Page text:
By Joseph Williams, M.D.
Board Certified Orthopedic Surgeon
Orthopedic Center of Illinois
Sciatica is a term that is commonly used to describe the pain an individual has radiating down an extremity. Patients will come to the office with complaints of severe pain down one leg or, less commonly, down both legs. The term is often overused and not all cases of self-diagnosed “sciatica” are actually correct.
Sciatic nerve anatomy.
The sciatic nerve is the largest nerve in the lower body. It is made up of multiple nerve roots that originate in the low back, the lumbar spine and sacral spine. These nerve roots join together within the pelvis and form the sciatic nerve. This nerve then travels down the back of the leg innervating the muscles and providing sensation to the leg.
Sciatica is typically the term used to describe pain that one experiences in a leg, however, there is usually numbness or tingling and possibly weakness occurring as well. As stated previously, the sciatic nerve provides innervation to multiple muscles in the leg and also sensation to specific locations of the leg. Thus, if there is enough dysfunction within the sciatic nerve, the person could very well experience more than just pain.
A bulging disc pressed on the sciatic nerve.
The most common cause of sciatica pain is compression of one of the nerve roots that makes up the sciatic nerve. This compression is usually in the form of a disc herniation in the lower lumbar spine, typically, at the L4 – L5 disc or the L5 – S1 disc. These herniations protrude into the spinal canal and compress the nerve roots before they exit the spine and travel into the pelvis. This compression of the nerve root will then initiate an inflammatory reaction. The nerve will swell, and the patient will experience immediate pain. As the inflammation grows, the pain will become more intense. Thus, the source of the pain is usually in a nerve root before it actually combines to help form the actual sciatic nerve.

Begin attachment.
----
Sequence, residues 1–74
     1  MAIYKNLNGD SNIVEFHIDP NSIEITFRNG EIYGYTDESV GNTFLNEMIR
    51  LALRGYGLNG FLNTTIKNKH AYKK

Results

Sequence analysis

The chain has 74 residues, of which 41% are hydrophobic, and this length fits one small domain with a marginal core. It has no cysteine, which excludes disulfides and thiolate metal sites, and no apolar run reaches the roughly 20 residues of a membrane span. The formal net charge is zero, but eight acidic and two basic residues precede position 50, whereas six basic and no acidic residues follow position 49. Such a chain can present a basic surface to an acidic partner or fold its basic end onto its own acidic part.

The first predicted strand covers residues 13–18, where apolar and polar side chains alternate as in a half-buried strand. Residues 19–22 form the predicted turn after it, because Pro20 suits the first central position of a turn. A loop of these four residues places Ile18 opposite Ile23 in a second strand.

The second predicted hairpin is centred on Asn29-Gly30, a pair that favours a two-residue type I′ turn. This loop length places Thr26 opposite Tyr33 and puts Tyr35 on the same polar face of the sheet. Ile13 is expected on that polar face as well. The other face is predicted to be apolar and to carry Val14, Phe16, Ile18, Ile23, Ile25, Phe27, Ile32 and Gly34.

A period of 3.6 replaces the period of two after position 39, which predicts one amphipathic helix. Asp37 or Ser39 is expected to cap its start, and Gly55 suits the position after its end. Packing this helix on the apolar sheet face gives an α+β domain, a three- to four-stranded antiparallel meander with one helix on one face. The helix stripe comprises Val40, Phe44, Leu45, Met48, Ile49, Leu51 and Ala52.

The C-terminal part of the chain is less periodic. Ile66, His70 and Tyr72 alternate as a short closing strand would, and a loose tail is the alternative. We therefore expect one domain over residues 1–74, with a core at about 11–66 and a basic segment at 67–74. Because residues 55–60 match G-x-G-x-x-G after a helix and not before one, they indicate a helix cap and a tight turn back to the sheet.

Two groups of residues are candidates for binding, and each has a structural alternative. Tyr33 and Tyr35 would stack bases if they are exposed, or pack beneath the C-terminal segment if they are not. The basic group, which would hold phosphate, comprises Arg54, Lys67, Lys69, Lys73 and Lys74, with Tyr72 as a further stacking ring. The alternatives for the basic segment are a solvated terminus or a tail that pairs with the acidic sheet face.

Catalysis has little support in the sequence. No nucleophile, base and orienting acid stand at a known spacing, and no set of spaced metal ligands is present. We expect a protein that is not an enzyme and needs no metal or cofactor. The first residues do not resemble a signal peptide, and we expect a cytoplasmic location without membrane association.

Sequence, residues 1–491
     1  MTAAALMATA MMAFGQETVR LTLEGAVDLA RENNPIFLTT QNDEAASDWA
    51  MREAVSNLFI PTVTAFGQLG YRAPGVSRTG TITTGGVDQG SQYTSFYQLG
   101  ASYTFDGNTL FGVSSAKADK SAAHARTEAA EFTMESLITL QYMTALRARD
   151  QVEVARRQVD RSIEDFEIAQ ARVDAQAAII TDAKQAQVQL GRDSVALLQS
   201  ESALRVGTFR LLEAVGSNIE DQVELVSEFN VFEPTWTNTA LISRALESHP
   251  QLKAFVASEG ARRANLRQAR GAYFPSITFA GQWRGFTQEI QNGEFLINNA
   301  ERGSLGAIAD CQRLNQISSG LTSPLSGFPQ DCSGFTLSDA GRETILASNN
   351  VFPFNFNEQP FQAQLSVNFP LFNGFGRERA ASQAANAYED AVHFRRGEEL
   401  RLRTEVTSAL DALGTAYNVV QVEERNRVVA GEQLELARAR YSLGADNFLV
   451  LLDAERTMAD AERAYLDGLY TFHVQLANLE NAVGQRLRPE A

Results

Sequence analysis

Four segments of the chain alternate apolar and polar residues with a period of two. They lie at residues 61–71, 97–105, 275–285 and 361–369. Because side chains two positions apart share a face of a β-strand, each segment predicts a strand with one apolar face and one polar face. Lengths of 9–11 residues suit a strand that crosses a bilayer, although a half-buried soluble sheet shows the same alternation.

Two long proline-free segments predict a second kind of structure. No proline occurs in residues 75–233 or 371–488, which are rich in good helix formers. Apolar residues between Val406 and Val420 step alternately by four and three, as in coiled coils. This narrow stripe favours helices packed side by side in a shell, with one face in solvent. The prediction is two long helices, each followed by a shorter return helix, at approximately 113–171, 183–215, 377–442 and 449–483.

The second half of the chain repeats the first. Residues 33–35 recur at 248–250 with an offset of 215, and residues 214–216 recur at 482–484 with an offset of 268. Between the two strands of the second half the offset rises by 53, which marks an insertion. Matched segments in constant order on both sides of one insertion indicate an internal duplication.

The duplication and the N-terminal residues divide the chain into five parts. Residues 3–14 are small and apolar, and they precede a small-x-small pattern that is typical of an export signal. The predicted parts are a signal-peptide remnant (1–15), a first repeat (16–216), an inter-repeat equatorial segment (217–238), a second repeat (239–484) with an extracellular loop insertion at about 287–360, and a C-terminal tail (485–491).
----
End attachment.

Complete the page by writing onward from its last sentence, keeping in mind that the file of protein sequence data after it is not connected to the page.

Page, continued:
Another group of people will experience sciatica pain not as a result of an acute disc herniation, but rather a chronic condition called disc degeneration. These people are often older, and the pain may develop more slowly. The degenerative condition will cause collapse and bulging of the disc and ultimately result in a gradual narrowing of the spinal canal. The specific location of this narrowing is within the lateral recess, or the periphery of the canal. As this narrowing becomes more severe, the nerve root or roots will become compressed within the canal. Again, the inflammatory cascade is initiated, causing the nerve to swell and pain to occur.
There are a variety of ways to treat sciatica, and the treatment depends on the cause. A thorough physical exam needs to be performed in order to help determine the diagnosis. Typically, the treatment is initiated with a regimen of oral medications. These medications can include non-steroidal medication, muscle relaxers and pain medications. In some cases, an oral dose of steroids is provided. In addition to medication, activity modifications are commonly required. The patient will receive instructions to refrain from any strenuous activities, including work related-activities and some hobbies.
If symptoms are poorly controlled with limited activity and/or medication, symptoms are worsening, or a physical exam warrants next steps, an MRI of the lumbar spine will be required. The timing of this MRI is somewhat controversial, because a significant number of sciatica cases will actually resolve with these simple treatments and time. Those patients who experience symptoms and who do not respond to medication and rest may require further diagnostic workup. An MRI is always needed in the face of progressive weakness.